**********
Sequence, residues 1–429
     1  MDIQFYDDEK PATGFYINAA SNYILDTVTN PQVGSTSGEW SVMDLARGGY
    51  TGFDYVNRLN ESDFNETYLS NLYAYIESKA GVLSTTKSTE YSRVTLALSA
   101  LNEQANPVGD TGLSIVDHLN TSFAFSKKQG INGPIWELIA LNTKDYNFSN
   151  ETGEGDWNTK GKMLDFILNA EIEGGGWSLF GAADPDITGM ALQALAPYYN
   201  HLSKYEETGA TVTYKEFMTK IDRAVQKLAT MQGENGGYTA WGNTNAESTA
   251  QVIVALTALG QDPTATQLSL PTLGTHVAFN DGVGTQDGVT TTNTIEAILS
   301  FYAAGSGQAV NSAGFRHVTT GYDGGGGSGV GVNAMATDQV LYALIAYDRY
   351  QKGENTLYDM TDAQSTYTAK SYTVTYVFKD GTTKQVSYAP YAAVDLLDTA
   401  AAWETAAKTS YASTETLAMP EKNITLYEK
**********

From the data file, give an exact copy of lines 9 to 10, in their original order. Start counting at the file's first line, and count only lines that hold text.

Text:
   351  QKGENTLYDM TDAQSTYTAK SYTVTYVFKD GTTKQVSYAP YAAVDLLDTA
   401  AAWETAAKTS YASTETLAMP EKNITLYEK